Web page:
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Swish Smash

Nick Swisher's production has been sky-high since June. (AP)

The Yankees salvaged a split of their bifurcated series in Baltimore witha 3-2 win over the Orioles on Monday night. Although their offense connected for just four hits in seven innings against Alfredo Simon, two of them were big ones, namely Mark Teixeira's RBI double in the first inning and Nick Swisher's two-run homer in the third. Meanwhile, in his first start in 22 days, Freddy Garcia held the Orioles to just two hits and one run, that via a Mark Reynolds solo shot. Amazingly enough, Garcia hadn't allowed a single homer since June 7 in Boston, 11 starts and 68 innings prior; for a guy fresh off the disabled list, it was about as strong a start as one could have hoped. David Robertson got into the act by allowing his first homer in 53.1 innings this year; luckily it was a solo shot — by J.J. Hardy, who killed the Yankees all series (5-for-17 with three extra base hits) — as well.

Swisher has been en fuego lately; the home run was his sixth in a seven-game span, his seventh of the month, and his 21st of the season. Since June 1 (arbitrary endpoint alert!), he has been the Yankees' hottest regular, batting .300/.413/.557 with 18 homers. In that same span, Curtis Granderson has hit .270/.389/.565 with 21 homers, Robinson Cano .318/.365/.537 with 12 homers, and Mark Teixeira .246/.331/.492 with 19 homers. Derek Jeter (.326/.383/.438), Jorge Posada (.297/.346/451) and even Andruw Jones (.265/.390/.542 in 100 plate appearances) have provided solid help as well, but no Yankee hitter has been as strong across the board as Swish.

He's now hitting .267/.383/.464 overall; while that would represent his lowest slugging percentage since his dismal 2008 season with the White Sox, it would also be a career high in on-base percentage. After dropping below one walk for every 10 plate appearances for the first time in his career last year, he has rebounded to a 14.9 percent unintentional walk rate (second in the AL, second-best in his career) and 84 walks overall (third in the AL). Despite the year-to-year fluctuations of Swisher's platoon splits, overall slash stats and the hitting environments in which he has toiled over the years, he has remained a model of consistency in terms of his overall production. In terms of True Average — which is adjusted for park and league scoring levels — five of his past six seasons have fallen within a 10-point range:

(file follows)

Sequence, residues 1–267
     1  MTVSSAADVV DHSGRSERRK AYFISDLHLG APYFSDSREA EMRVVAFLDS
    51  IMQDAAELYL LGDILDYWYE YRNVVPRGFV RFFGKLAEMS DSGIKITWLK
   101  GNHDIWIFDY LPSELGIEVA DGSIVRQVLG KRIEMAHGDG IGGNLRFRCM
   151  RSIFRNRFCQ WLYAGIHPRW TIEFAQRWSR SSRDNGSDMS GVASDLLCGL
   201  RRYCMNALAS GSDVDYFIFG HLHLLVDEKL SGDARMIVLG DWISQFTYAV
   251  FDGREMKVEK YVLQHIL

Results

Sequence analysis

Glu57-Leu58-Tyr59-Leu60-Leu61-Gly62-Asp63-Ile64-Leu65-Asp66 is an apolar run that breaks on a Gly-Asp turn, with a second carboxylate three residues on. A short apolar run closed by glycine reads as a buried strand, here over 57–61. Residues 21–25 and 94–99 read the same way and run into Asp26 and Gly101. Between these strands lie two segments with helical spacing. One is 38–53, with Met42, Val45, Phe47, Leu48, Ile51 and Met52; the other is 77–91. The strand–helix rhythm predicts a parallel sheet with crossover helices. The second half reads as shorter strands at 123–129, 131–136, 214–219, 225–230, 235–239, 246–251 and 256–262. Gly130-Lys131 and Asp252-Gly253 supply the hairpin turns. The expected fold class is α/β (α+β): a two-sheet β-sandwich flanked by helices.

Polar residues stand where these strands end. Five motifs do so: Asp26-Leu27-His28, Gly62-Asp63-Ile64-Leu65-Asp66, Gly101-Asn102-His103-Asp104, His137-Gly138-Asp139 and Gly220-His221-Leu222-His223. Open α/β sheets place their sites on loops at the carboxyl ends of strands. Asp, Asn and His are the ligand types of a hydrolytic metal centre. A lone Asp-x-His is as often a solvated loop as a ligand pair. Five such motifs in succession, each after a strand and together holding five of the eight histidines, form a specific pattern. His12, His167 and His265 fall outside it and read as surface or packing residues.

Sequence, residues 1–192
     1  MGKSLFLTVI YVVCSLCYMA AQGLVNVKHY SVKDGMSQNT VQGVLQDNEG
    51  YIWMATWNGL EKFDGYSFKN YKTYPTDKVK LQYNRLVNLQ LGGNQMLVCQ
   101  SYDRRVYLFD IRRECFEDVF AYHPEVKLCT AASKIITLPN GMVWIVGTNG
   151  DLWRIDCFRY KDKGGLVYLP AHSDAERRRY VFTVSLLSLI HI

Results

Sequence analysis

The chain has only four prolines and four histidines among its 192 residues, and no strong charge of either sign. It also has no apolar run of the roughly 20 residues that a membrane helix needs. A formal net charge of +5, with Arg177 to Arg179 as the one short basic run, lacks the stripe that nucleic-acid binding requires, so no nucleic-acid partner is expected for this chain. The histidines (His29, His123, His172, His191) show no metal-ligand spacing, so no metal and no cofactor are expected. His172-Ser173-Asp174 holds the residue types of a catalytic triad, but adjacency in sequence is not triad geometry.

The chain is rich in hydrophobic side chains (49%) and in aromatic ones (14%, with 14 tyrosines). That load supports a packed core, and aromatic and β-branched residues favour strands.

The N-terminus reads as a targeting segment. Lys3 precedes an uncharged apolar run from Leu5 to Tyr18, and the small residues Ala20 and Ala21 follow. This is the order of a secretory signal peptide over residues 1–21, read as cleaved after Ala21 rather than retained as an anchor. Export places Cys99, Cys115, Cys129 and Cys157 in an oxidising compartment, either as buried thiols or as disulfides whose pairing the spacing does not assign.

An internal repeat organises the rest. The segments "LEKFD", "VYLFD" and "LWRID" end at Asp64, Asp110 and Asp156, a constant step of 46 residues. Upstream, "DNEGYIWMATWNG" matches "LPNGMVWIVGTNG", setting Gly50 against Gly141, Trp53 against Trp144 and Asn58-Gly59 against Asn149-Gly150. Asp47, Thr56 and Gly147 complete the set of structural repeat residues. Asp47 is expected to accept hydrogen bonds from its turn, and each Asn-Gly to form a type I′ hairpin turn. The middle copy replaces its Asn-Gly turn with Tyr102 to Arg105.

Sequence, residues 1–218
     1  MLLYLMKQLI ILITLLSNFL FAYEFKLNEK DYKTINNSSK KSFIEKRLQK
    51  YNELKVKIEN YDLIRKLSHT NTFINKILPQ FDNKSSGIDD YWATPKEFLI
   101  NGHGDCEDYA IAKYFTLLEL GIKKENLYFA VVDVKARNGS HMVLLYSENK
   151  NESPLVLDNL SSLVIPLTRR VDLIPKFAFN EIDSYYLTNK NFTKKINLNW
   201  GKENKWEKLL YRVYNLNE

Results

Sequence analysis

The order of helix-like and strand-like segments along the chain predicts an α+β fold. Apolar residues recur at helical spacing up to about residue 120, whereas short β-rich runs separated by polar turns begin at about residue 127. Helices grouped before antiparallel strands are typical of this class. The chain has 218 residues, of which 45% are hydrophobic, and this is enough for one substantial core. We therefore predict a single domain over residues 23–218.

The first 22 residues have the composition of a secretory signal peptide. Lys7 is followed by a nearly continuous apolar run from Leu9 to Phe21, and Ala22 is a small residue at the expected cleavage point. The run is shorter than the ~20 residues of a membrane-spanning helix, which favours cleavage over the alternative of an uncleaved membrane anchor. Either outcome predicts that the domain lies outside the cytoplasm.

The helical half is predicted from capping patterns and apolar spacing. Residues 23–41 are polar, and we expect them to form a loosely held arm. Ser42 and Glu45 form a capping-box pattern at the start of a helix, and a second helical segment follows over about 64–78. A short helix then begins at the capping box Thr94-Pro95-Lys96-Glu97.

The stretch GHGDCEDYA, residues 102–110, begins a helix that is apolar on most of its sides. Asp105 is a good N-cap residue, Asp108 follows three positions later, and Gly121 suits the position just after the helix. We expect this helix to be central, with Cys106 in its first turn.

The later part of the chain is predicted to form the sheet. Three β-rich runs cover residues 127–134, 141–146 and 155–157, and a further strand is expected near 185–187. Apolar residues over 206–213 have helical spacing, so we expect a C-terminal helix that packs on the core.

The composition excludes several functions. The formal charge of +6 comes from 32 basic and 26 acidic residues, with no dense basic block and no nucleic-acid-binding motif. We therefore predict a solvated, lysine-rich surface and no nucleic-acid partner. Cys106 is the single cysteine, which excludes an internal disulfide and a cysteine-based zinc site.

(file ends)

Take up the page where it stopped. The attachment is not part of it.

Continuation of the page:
Year  Tem    AVG/OBP/SLG    TAv  WARP
2006 OAK .254/.372/.493 .304 5.3
2007 OAK .262/.381/.455 .298 4.3
2008 CHA .219/.332/.410 .255 0.7
2009 NYA .249/.371/.498 .295 3.4
2010 NYA .288/.359/.511 .304 5.2
2011 NYA .267/.383/.464 .305 3.8

That's some bankable production; with this recent onslaught, he's reached his average WARP for that span with a month left to play. Picking up his $10.25 million option for 2012 is a complete no-brainer; at an exchange rate of $5 million per win above replacement, he's been worth about twice that much over a six-year period.

Whether the Yankees should think about a longer-term extension for Swisher is a conversation for another day; he'll be 31 in November, 32 by the time he reaches free agency, and worth some significant coin given what the likes of Jayson Werth — a similarly productive player, albeit with a shorter track record — commanded on the open market; recall that the shaggy former Phillies right fielder got seven years and $126 million from the Nationals coming off his age 31 season. That was widely viewed as an overpayment, and it hasn't worked out so well thus far, but that $18 million annual figure is one that Swish and his agent can use as a benchmark for his own value. Again, conversation for another day; for now, let's just enjoy his rampage through AL pitching.